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Not With The Band: Can We Kill This ‘Right vs Left Brain’ Myth Once For All?

Brain-map

 

Myths are enduring, especially myths that can explain reality in a simplistic manner. Unfortunately, reality is never simplistic and there are a lot of chances that a 30-question test on Facebook is not going to explain how your brain works. Lately, I stumbled a lot of times on a ‘Left or Right Brain Test’ in my Facebook feed, probably because I have a lot of artists and musicians among my friends and they seem to want a validation that they are in the right field because they have a right hemisphere dominance? Common belief is that right-brained people tend to be more artistic and creative (so good at music and painting) whereas left-brained people tend to be more analytic and logical (so good at math)! I have news for you, my dear Facebook-test users… this is a totally outdated view of the brain, and this is simply not true. The Homo sapiens brain is probably the most complex thing is the universe and you thought you could figure it out with a simple test like this?

If you do a little research, you will find tons of serious articles about it and learn that this idea has been disproved by recent science. In 2013, scientists at the University of Utah have analyzed more than 1,000 brains using fMRI, they looked at activity in 7,000 brain regions and examined neural connections within and between these region, and they found no evidence that people preferentially use their left or right brain… On the contrary, all participants in the study were using their entire brain equally throughout the course of the experiment and their conclusion was ‘our data are not consistent with a whole-brain phenotype of greater “left-brained” or greater “right-brained” network strength across individuals’. They didn’t even find a difference in gender.

Sure we use different parts of the brain when we execute different tasks, but the idea that everything about logic and analysis is confined in one side of the brain, whereas everything about creativity is confined in the other side, is really false. Dr. Jeff Anderson, director of the fMRI Neurosurgical Mapping Service at the University of Utah, told the journal Live Science:

‘It is not the case that the left hemisphere is associated with logic or reasoning more than the right. Also, creativity is no more processed in the right hemisphere than the left.’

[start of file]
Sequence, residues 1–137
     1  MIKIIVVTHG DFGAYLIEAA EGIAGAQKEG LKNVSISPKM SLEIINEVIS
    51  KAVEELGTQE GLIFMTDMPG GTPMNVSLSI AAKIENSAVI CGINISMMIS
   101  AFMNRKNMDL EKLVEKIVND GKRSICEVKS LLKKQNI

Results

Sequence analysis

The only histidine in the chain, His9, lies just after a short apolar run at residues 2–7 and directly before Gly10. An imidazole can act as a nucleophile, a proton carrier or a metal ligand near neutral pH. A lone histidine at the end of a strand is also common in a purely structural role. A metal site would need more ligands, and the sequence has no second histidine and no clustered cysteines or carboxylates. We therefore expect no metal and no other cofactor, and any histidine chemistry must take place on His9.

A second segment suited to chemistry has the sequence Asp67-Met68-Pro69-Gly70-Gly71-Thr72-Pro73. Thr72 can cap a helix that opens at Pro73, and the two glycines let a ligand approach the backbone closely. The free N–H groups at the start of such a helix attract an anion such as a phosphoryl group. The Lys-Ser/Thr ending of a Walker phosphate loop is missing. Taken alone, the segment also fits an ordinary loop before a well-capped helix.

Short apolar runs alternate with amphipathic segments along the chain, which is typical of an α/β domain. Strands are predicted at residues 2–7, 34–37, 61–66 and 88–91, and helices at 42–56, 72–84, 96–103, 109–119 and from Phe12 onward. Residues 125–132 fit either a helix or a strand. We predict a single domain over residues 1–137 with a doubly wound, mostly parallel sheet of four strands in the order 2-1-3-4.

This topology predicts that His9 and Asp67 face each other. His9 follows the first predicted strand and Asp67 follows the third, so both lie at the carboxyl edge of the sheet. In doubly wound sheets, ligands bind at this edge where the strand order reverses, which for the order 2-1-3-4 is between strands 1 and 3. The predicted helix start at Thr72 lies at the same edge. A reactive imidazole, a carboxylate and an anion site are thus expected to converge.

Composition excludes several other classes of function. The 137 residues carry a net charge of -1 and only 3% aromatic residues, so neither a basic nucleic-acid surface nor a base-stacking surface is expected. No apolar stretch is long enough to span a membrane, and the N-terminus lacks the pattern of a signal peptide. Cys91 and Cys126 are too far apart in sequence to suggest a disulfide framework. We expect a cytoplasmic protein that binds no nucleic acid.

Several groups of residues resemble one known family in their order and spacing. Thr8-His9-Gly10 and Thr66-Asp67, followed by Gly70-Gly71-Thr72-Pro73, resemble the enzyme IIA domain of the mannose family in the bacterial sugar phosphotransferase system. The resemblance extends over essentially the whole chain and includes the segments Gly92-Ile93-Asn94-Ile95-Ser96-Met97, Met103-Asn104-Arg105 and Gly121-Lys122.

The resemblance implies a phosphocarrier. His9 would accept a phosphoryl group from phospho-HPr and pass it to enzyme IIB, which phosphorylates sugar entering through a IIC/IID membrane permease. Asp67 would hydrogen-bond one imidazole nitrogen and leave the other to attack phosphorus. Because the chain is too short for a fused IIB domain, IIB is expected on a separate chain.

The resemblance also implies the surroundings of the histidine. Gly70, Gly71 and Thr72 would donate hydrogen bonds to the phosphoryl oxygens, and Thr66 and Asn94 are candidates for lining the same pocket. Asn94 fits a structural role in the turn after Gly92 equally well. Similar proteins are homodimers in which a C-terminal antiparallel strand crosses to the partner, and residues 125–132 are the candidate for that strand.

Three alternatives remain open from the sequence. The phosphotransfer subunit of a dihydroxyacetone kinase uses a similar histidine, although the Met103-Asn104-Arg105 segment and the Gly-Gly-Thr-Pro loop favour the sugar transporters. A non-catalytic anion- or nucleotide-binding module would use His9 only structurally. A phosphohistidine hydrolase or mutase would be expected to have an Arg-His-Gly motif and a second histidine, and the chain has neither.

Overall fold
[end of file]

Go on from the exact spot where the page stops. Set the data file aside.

So why did we get this misconception? According to Live Science, it may come from a 1960 study by Nobel Prize Roger Sperry, who studied people who had epilepsy and had a surgical procedure cutting the corpus callosum, the part of the brain which connects both hemispheres. During his research on ‘split-brained’ people, Sperry determined which sides of the brain were involved when doing certain activities like math, language and drawing. Psychologists had a field day with this and loved the idea, but neurobiologists never bought into this notion. If it is true that each hemisphere tends to have some functional specializations (speech and language functions are generally in the left side for example) we now know that this is a representation of the brain way too simplistic, and we have much better tools to study the brain than 1960’s scientists.

But why are some people better at math and other people more creative, you may ask? Yes, everyone has a different brain but ‘This has nothing to do on any level with the different functions of the [brain’s] left and right hemisphere,’ declared Anderson to the BBC. ‘The pop culture idea (creative vs. logical traits) has no support in the neuroscience community and flies in the face of decades of research about brain organization, the functional roles of the two brain hemispheres and evidence from patients with lesions in one or the other hemisphere in the brain,’ he continued.

There’s still another idea to debunk, the fact that lefties are more the artistic type than the rest of the population. It is actually based on the same myth, since the motor functions of the left side of the body are controlled by the right hemisphere (and vice-versa) and since the right hemisphere is associated with creativity,… bingo, you lefties are the artists! However recent MRI research has demonstrated that left-handers and mixed-handers in general tend to exhibit more varied, unpredictable and diffuse cerebral activity than right-handers, meaning that they don’t necessarily exhibit a right-hemisphere dominance – they have actually found that only about 20% of left-handers have right-hemisphere language dominance for example.

Any activity, artistic or not, requires activities in both hemispheres and when it comes to music: ‘the right hemisphere remembers musical melodies, but rhythm and absolute pitch comes from the left hemisphere’ which kills, once again, the right-brain dominance associated with creativity and arts.

It’s a shame we still see this myth everywhere, I never considered Facebook as a reliable scientific source, but I have seen and heard this misconception everywhere, and popular culture has used this idea to death, and even educated people have perpetuated it! The reality is in fact much more complicated that a simple right-left dichotomy, thus, we have to kill this old myth.

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